Every medieval, Viking and mythical movie (like Game of Thrones) have all major actors using drinking horns to quaff their brew of choice.
A drinking horn is the horn of a horned creature such as a cow, buffalo, etc, which is used as a drinking vessel. Drinking horns are a custom that is over 2000 years old, having been known from Classical Antiquity, especially in the Balkans. They remained in use for ceremonial purposes throughout the Middle Ages and the Early Modern period in some parts of Europe, notably in Germanic Europe and in the Caucasus.
But here we’re looking at Viking drinking horns. The Viking drinking horn carries a long history and weaves through many customs and, surprisingly, is a custom that is still alive and well. Drinking horns remain an important accessory in the culture of ritual toasting in Georgia in particular, where they are known by the local name ofkantsi. Beyond being an aesthetically beautiful piece to drink mead from, Viking drinking horns have a fascinating story that represents the Nordic gods and rites of passage.
Use the Whole Animal
Older societies weren’t known for their waste and many that prized hunting as more than a necessity believed wasting any part of the animal was an affront to the gods of nature. It took a lot of energy to track, trap, and hunt prey and so, why waste any part of what you’ve spent all day trying to catch? Viking drinking horns probably came into existence by older cultures trying to utilize every part of the animal. While it’s true that drinking horns weren’t always made from the horn of an animal, it is its most likely origin.
In Viking culture, drinking horns were a popular vessel for beer, wine, and of course mead, but they weren’t used in the symbolic burial of great warriors. Surprisingly, women, as the drink servers, were buried with drinking horns.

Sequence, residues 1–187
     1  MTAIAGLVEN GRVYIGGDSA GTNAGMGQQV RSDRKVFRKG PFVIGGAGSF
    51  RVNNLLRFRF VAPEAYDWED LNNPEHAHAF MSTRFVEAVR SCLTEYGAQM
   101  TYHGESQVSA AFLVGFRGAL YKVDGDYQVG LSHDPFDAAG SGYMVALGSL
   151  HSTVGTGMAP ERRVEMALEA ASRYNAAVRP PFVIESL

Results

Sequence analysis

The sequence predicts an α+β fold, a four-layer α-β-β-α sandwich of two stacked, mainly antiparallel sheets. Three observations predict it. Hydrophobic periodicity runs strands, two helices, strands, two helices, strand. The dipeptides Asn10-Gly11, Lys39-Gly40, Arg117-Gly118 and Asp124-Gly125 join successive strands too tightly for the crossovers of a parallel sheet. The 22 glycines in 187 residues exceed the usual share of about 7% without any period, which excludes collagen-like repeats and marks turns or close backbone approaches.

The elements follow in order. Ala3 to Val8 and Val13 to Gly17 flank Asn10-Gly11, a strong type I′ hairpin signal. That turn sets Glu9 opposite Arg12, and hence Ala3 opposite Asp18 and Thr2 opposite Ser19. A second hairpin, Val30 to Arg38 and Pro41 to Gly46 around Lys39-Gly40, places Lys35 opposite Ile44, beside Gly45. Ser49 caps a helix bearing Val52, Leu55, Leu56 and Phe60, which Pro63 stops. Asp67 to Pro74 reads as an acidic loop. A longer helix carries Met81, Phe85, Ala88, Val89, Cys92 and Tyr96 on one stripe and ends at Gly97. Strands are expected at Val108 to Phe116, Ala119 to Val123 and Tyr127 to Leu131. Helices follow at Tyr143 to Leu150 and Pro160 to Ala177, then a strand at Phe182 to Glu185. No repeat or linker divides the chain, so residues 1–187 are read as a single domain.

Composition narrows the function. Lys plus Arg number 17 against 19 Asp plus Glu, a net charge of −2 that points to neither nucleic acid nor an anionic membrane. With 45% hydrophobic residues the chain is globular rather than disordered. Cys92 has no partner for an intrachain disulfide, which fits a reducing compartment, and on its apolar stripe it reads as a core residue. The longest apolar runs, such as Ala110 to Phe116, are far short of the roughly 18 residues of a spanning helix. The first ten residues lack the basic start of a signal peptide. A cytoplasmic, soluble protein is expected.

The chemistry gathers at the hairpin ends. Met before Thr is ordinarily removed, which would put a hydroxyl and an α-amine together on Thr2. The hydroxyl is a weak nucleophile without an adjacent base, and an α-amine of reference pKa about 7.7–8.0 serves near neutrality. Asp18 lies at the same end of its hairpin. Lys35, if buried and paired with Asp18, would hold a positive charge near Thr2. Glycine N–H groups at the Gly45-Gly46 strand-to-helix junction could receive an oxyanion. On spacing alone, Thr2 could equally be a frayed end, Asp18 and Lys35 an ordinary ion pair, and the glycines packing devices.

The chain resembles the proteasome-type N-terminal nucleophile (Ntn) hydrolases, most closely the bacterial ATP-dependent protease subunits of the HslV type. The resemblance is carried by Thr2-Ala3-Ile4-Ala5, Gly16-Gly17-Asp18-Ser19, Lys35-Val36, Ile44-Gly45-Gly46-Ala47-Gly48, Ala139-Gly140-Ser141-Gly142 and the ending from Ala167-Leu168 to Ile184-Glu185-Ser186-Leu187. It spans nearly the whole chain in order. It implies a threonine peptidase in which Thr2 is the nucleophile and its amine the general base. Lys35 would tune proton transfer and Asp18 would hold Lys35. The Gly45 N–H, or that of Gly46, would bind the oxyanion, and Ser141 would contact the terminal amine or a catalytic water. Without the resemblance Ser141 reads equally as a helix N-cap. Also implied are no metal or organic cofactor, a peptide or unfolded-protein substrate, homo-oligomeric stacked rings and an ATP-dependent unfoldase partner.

For the living, drinking horns were just cups, but as the traditions of the Norse people grew more vivid, possibly due to their interactions with the Greeks and Iron-Age Celts, or possibly due to their isolation, the mysticism around mead and the horns that held it grew stronger as well.
Families would pass down drinking horns from one generation to the next. Each generation would add their own decorations and carvings as the horns were passed on, further enriching the mystique and value of the horn itself.
From the Gods
Viking Age mythology has several tales that involve drinking horns. When Odin returns to Valhalla, he is greeted by the Valkyries bearing mead in drinking horns. In another tale, the giant Utgard-Loke tricks Thor by having him to try to drink from a horn that had its other end in the sea, preventing him from finishing the drink.
In ancient Greek mythology, it was believed that Dionysus held the drinking horn to be sacred. The Scythians believed the drinking horn was given to a king from a god. Other cultures believed the drinking horn to be a symbol of abundance or life, or implemented to praise the divine. Each society that created their own and separate drinking horn tied it to their beliefs in significant ways.
During the High Middle Ages the popularity of the drinking horn declined, as the church increasingly saw it as a symbol of luxury and vanity. There are very few 12th and early 13th century archaeological finds or depictions of drinking horns in art. One exception is the queen figure from the Lewis Chessmen – she carries a horn in her left hand, perhaps reflective of the queen’s traditional role as the one who offers welcome to guests.
By the end of the 13th century drinking horns made a comeback in Europe, becoming popular again in royal courts, as well as being used by nobles, clergy and guildsmen. As their use became more widespread in the later Middle Ages we can see that the decorations for horns were becoming increasingly elaborate.
Yet the average drinkware for most Vikings would have been fashioned from wood or clay and fashioned much like our glasses are today. Some were made from ceramics or stone and, for the rich, trade brought them tumblers of glass.
Find out more
Viking Life by John Guy and Richard Hall (Ticktock, 1998)
Encyclopaedia of the Viking Age by John Haywood (Thames &Hudson, 2000)
Cultural Atlas of the Viking Age edited by Graham-Campbell et al (Andromeda, 1994)
Penguin Historical Atlas of the Vikings by John Haywood (Penguin, 1996). Detailed maps of Viking settlements in Scotland, Ireland, England, Iceland and Normandy.
Other Viking Blogs
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About the author:
Hi, I’m Rob Shackleford. I am author of a number of novels, though so far only Traveller Inceptio and Traveller Probo have been officially published. As Traveller Inceptio looks at the fates of modern historical researchers sent to the early 11th Century Saxon world, Vikings do feature.
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